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Spring 2009 Table of Contents

His Old House

Kevin O’Connor went from bank exec to home improvement host

| From Alumni Notes | By Patrick Kennedy. Video by Alan Wong

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Click on the video above to see Kevin O’Connor touring the BU Student Village construction site last spring. Photo by Peter Ross

It began with stubborn old wallpaper. That’s what set Kevin O’Connor on a short road from fan to host of WGBH’s This Old House, the long-running home-improvement television series that is one of Boston’s most beloved cultural exports.

In 2002, O’Connor, then a bank executive with some construction experience, and his wife, Kathleen, bought their first house. “It was a total fixer-upper,” he says of the 1894 Queen Anne Victorian. “We wanted something we could work on,” but before long, “we had a list of stuff we couldn’t figure out on our own.”

The couple e-mailed a question about wallpaper removal to Ask This Old House, a spin-off show featuring the flagship program’s team of experts. “Remarkably, given the amount of e-mails I now know they receive, they answered ours,” says O’Connor (GSM’99).

General contractor Tom Silva arrived at the O’Connor home north of Boston a few weeks later, with painting contractor Jim Clark and WGBH cameras in tow. The enthusiastic O’Connor quickly developed a rapport with the crew as he and his wife stripped the walls under Clark’s direction. Full of good questions and quick to learn, he proved an ideal subject for the do-it-yourself segment.

“What I didn’t know then,” he says, “was that the former host, Steve Thomas, was planning to retire, so they had an eye out for his replacement. They called me a month later, completely out of the blue, and asked: ‘Do you want to host This Old House?’ I didn’t believe it.”

In April 2003, at age thirty-four, O’Connor became the host of This Old House, the third in the show’s history. It’s “the coolest job,” he says. “The guys are great . . . I get to work with the best people in the building trades; it is a sort of round-the-clock tutorial — hopefully for the viewers as well as the homeowners in the process.”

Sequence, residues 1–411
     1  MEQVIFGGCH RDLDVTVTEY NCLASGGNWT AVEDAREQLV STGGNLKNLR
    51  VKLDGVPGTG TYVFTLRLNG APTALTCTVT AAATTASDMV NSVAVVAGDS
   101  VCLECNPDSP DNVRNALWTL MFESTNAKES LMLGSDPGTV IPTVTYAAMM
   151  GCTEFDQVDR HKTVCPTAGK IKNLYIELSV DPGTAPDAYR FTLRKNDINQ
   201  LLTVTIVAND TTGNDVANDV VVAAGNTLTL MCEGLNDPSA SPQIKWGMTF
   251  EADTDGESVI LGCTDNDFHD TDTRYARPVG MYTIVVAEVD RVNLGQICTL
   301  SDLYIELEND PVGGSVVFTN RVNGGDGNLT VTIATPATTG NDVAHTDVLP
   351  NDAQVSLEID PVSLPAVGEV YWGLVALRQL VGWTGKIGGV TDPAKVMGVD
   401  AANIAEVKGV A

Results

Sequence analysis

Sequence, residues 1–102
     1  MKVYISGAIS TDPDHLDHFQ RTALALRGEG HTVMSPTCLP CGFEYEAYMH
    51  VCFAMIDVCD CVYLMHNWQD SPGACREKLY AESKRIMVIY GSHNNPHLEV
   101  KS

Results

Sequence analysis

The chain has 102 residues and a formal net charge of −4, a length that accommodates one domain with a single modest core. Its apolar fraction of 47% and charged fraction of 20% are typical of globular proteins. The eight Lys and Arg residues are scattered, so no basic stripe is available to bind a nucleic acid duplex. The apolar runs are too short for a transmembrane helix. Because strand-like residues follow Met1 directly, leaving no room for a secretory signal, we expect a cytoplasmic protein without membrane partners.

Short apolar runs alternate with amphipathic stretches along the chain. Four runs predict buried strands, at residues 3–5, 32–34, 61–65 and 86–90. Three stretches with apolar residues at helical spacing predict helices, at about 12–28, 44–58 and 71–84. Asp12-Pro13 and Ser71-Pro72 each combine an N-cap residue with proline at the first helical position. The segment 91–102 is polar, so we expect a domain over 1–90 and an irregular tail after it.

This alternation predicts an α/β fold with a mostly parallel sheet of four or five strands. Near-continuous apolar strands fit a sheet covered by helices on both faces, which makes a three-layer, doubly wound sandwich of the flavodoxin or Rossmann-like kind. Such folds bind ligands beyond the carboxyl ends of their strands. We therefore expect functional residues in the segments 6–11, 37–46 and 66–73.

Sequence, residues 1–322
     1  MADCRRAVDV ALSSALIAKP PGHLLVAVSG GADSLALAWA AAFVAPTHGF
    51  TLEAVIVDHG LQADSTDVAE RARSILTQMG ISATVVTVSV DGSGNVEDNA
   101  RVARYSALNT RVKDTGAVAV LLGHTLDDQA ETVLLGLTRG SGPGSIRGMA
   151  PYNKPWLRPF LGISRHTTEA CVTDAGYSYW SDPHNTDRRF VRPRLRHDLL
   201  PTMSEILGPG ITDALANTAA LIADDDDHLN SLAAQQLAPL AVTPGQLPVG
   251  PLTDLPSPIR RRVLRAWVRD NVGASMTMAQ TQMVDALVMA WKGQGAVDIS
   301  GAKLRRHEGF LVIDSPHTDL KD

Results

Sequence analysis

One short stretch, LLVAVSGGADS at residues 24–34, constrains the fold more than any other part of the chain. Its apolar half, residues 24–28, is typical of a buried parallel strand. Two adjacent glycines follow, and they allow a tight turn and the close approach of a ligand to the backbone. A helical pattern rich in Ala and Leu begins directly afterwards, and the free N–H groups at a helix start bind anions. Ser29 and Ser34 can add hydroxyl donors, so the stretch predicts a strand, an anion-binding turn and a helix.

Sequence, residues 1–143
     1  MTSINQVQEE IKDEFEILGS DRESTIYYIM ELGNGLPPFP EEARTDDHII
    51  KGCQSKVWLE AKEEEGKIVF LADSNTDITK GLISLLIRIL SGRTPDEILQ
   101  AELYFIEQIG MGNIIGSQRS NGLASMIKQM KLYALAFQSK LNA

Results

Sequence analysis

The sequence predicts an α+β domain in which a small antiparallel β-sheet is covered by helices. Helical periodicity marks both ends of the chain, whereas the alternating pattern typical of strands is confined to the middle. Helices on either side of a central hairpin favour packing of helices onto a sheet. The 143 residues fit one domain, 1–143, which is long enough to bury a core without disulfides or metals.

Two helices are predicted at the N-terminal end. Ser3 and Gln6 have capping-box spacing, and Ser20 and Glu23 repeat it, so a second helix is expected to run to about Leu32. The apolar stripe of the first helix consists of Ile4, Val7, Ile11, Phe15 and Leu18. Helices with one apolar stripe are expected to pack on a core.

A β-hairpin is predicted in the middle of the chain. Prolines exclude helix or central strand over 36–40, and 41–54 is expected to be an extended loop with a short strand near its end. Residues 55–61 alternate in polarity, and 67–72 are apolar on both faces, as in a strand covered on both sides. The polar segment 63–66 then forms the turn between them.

O’Connor has been a fan of the television show all his life. In his native Maplewood, New Jersey, he grew up watching This Old House on weekends with his dad and brothers. “I loved working with my hands and building stuff — typical stuff like tree forts, go-carts — anything that put a power tool or sawdust in my hands.”

Not so typical, the O’Connor kids — five boys and two girls — had a father who was a civil engineer, known for the 1970s expansion of Newark International Airport. “So our tree fort was the only one in the neighborhood with full sheets of plywood and real two-by-fours and stuff my dad snagged off the job site,” he says. “We had a real serious tree fort.”

When he got older, O’Connor worked construction on his father’s projects, including two thirty-story towers. That continued during the summers after he enrolled at the College of the Holy Cross. Later, O’Connor earned an M.B.A. at Boston University. He was a senior vice president at Bank of America when he got the call from This Old House.

Now in his sixth season, the Emmy-nominated host is still asking questions of the experts. And he continues to restore his Victorian, room by room. “It’s satisfying to take that house, which was pretty run-down and dilapidated, and turn it into a place my wife and son and I just love.”

It also means that O’Connor can both “relate to the frustrations of homeowners,” he says, “and appreciate the satisfaction” when a project is finished.

This article originally appeared on the Boston Irish Tourism Association Web site.

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